For a lot of cord-cutters like me, TiVo could just never be the satisfactory one-box solution because of their inferior streaming apps, both in selection and performance. And there are already so many streaming boxes from Roku, Apple, etc. already sold and used by cord-cutters are their regular TV interface. So a product like this TiVo Mantis makes sense. Like Tablo does, rather than try to displace streaming boxes, TiVo should just act as an OTA DVR server for them. If you can’t beat ’em, join ’em.
This could do pretty well for TiVo if they design solid apps for enough streaming devices and also get the pricing right. It should either come with no additional fees or have a monthly service/program guide fee of $5 max, as that’s what Tablo charges and also what a Plex Pass (which includes the beta Plex DVR service) costs.
I’d prefer this kind of solution to support a range of external hard drives (USB 3.0) to give me more choice in that area. Hopefully it allows the user to control transcoding too. If the devices I’m using to watch content streamed from the Mantis can all decode OTA TV in its native 1080i and 720p MPEG-2 formats, then I’d prefer to avoid transcoding since that can possibly degrade the picture and cause a delay in changing channels.
Tivo is in the process of being acquired by Rovi, who provides guides for cable. Rovi recently told investors that it doesn’t want to sell hardware to consumers. Most likely scenario is that there will be no more Tivo hardware wowing consumers in the next few years. Rovi will probably integrate Tivo’s interface, personalization, and user data with its own guide services that it sells/licenses to cable companies etc. It will charge cable companies more for a better product, and cable will then raise prices even more. If we’re lucky, support for old Tivo hardware will continue for a few years on grandfathered pricing.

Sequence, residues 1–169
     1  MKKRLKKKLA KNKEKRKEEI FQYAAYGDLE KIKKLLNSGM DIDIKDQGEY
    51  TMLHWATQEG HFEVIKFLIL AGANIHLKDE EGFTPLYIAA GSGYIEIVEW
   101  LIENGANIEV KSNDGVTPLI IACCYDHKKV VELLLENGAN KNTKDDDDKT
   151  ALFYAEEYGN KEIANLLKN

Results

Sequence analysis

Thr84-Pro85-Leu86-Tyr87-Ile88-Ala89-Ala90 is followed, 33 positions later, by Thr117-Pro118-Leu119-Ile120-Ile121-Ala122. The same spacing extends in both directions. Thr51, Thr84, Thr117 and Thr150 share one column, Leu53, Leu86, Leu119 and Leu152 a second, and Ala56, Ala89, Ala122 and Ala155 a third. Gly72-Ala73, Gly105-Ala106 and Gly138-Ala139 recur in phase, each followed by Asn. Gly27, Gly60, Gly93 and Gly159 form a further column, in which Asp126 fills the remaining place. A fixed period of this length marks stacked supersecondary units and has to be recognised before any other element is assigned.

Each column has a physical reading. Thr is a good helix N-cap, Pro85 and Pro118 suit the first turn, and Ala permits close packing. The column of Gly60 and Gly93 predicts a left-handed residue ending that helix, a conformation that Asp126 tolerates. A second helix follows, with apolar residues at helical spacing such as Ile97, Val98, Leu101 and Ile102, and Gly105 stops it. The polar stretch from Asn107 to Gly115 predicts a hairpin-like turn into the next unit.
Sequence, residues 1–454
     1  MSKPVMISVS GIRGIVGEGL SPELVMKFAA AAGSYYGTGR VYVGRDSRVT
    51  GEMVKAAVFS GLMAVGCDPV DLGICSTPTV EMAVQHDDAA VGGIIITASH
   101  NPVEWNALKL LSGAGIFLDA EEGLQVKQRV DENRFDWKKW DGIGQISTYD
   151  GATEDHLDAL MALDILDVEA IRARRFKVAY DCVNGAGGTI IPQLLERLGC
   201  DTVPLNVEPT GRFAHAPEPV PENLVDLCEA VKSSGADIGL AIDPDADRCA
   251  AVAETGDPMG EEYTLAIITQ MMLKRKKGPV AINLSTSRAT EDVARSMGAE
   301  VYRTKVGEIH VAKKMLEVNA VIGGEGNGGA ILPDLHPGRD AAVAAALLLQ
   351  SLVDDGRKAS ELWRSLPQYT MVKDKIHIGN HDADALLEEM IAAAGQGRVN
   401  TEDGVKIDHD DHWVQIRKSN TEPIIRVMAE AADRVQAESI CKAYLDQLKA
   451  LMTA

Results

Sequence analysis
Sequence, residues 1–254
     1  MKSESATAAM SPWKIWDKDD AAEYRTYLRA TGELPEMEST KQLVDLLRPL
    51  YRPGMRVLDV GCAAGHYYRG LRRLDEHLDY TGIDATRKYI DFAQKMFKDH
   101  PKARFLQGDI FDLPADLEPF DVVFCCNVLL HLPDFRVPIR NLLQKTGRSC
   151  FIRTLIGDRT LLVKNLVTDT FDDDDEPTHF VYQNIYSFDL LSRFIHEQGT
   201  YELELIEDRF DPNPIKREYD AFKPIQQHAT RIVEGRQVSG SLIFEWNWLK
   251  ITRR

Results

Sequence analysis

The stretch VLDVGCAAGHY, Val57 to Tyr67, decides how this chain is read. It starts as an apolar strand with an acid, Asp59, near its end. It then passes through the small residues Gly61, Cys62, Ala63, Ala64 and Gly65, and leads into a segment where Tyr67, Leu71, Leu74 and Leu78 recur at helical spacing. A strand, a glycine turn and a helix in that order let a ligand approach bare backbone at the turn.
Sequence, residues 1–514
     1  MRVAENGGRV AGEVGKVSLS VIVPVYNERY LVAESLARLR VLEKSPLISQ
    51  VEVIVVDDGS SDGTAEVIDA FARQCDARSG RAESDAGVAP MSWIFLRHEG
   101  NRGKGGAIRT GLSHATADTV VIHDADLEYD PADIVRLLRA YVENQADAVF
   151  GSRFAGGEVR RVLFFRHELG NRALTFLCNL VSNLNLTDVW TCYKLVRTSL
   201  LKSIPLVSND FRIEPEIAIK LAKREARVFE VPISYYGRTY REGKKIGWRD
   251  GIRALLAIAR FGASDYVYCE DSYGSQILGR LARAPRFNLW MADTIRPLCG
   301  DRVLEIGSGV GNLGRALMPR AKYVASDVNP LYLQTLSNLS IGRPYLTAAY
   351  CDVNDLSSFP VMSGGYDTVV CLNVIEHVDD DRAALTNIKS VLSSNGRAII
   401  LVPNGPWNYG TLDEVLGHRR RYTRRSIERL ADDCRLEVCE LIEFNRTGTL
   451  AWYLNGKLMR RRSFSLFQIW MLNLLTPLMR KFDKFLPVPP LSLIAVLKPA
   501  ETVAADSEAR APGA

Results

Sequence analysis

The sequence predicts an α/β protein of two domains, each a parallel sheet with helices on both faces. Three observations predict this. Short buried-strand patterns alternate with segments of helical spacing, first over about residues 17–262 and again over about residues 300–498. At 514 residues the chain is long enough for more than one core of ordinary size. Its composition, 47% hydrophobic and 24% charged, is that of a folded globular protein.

I think you can consider this just a Stand Alone OTA TiVo Stream with it’s own tuners..
They will extend the Amazon Fire App for multiple streaming boxes and of course work with the mobile (IOS / Android) apps. I highly doubt this will be a full TiVo UI.
No reason why our full TiVo’s with stream can’t benefit from the extended ecosystem, but no need for someone with a full Tivo to own this box.
It would be a lot cheaper for TiVo to manufacture and support, thus it should be a lot less expensive.
I do hope it simply allows you to choose a network location – that should not be a problem for OTA content…
Kudos to TiVo on this one…
What prevents Tivo from offering a similar box that works like the Series 2, taking output from a cable or satellite box, transcoding that, and offering recordings as a network stream?
As a satellite customer that Tivo abandoned after Series 2, I’ve had no Tivo options since. A couple of years back, I made similar inquiry on this site and was told that hardware was not capable of doing the HD transcoding. It seems that that is no longer true…
The old IR-blaster method for controlling the Cable/sat boxes isn’t technically sexy, but it does work.
The TiVo can’t transcode, but the stream can. No suspect the biggest issue with your suggestion would be DRM issues limiting the channels available to the TiVo. I also think the market is pretty small.
” I also think the market is pretty small.”
I don’t see all satellite subscribers as a small market….
Scott, more than just a Stream with tuners as they’re calling it a “DVR” – so storage too.